Bookmark #722

The first time I read of Salinger and his sudden and intentional removal from society, I was inspired not because I understood it. But perhaps, because it felt impossible to me, it made me curious to the degree of inspiration. In all my years living, I have learned that it is possible, if not for all of us, then at least for me, to look at someone and disagree with every little thing they stand for and still revere and respect them. Respect is not for all the ideas someone has, and indeed, not for the riches, but often, as long as the person falls on the right side of history in their conviction. Now, what equates to the right side of history is often vague and grey, and it is not my place to say. I am as clueless as anyone else, but then, there are things you know that are good and right, so perhaps, that is all I meant. That draws a false comparison, of course, for it was not something I meant for Salinger. I merely began this piece with his name.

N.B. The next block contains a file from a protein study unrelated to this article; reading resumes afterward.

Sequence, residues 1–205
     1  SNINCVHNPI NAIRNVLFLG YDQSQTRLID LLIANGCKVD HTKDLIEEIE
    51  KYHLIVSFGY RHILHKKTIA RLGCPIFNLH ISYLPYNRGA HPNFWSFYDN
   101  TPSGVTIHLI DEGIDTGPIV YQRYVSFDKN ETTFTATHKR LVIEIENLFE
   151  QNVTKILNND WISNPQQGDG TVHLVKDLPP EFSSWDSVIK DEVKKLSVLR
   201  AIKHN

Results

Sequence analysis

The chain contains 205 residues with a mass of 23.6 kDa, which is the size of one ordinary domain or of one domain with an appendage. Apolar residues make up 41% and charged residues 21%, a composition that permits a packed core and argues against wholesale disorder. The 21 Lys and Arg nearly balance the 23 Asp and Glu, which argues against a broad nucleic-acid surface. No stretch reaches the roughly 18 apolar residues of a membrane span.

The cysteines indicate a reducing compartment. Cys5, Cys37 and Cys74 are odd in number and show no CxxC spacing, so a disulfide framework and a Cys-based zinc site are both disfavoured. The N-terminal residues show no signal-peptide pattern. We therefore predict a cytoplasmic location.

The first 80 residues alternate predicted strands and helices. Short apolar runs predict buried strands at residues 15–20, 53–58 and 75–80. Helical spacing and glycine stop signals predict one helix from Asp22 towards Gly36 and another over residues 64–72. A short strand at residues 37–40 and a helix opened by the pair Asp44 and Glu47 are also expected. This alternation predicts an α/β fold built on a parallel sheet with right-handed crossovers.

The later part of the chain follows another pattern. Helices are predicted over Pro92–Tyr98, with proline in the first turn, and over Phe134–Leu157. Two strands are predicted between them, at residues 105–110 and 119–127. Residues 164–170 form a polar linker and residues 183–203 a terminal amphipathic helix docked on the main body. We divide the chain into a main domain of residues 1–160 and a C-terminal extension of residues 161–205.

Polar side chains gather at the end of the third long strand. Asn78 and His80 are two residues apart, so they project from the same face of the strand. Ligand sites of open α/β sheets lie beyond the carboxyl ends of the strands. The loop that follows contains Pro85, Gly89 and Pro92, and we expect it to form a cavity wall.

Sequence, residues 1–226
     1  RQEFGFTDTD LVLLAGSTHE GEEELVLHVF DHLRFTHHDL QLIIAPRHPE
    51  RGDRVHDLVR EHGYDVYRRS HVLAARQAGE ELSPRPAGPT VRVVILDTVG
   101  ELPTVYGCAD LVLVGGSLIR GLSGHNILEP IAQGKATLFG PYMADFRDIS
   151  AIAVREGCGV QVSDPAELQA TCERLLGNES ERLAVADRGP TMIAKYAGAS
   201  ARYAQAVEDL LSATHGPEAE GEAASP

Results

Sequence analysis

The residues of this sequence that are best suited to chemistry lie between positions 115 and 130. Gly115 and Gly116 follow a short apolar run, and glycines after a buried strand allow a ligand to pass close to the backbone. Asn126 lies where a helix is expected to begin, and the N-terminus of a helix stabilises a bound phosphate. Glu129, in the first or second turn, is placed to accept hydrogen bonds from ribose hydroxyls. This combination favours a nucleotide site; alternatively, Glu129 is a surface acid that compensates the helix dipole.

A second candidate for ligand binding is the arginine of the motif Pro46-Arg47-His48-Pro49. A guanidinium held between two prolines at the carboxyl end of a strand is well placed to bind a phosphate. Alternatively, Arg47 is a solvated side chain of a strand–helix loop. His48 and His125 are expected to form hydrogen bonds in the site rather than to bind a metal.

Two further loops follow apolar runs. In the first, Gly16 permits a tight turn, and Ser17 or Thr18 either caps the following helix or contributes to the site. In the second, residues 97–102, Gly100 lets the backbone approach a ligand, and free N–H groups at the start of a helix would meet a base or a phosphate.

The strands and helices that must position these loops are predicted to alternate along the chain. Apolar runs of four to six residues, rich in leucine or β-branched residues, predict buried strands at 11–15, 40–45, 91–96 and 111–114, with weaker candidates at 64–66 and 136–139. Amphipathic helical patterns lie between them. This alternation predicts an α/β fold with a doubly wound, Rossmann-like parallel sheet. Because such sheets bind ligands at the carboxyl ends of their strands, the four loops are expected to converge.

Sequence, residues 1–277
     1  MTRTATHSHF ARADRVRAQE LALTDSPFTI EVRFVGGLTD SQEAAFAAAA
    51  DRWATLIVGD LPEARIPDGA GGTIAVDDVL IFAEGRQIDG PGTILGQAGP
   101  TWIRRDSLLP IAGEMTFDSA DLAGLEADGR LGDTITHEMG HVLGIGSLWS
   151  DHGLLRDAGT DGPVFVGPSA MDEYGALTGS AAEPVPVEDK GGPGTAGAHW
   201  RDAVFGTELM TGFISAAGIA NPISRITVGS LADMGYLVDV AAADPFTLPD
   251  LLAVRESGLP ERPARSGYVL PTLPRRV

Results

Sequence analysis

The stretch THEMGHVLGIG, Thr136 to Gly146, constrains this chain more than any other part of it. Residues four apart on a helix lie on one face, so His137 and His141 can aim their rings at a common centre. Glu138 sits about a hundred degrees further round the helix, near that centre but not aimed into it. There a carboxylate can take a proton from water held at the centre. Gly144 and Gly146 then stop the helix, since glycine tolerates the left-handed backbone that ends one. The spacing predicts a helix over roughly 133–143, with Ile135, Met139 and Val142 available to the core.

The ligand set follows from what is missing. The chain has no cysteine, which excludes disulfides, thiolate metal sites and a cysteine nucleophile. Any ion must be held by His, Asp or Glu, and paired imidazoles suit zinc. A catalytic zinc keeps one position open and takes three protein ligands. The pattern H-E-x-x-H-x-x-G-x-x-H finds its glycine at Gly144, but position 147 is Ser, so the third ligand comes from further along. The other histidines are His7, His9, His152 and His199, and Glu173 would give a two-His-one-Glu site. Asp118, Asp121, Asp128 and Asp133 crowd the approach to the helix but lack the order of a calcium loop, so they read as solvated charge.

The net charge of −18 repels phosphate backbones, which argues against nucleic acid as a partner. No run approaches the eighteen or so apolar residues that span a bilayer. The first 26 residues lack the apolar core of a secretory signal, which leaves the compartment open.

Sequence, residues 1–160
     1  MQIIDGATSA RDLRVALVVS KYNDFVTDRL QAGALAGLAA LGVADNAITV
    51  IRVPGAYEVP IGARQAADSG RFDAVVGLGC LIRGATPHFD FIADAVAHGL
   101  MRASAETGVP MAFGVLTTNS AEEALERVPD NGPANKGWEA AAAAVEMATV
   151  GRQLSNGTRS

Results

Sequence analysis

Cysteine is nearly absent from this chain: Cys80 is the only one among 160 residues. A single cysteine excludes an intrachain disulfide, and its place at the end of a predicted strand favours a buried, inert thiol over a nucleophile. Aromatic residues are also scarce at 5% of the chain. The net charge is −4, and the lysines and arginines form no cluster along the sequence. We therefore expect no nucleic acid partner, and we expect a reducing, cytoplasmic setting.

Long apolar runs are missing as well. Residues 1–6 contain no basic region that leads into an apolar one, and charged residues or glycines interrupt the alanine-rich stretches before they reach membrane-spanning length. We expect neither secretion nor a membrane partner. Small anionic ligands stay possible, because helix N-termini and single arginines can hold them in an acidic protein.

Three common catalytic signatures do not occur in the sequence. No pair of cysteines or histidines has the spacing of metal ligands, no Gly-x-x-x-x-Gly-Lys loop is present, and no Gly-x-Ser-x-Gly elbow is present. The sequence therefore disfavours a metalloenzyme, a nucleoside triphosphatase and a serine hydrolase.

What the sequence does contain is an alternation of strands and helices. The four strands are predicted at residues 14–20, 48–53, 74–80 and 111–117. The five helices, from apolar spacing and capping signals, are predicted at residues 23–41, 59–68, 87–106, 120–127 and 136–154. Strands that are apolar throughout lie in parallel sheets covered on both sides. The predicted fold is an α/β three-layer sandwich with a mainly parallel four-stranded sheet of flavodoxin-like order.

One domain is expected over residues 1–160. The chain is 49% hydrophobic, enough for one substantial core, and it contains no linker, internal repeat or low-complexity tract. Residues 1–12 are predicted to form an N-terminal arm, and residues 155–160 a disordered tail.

I do not disagree with his life in the entirety of it. I could not. Despite not understanding it then, I believe his obsession with isolation was justified by the life he had lived and his nature, which can never be discounted. For all the affection I have for the people, I also have an equally strong urge to remove myself from them, to live a life with only a handful of people in it, as if this life were some secret backdoor pub or speakeasy only a few knew the password to. I do not know where this urge came from, why it increased, or why it left for a few years, but I think I find myself happiest when I somewhat embrace this urge.

This does not mean I have a disdain for other people. It is simply a preference for the genuine, authentic, and honest. I would take someone I talk to twice but honestly talk to than someone with whom I maintain a cursory friendship. Of course, people like me are also really good at the latter. To enter a place and suddenly become a part of it as if we had always been there is second nature to us. But of course, we were never there, to begin with, and as it turns out, we do not stay for long. We leave as we arrive, unannounced, unbothered, and on a whim.

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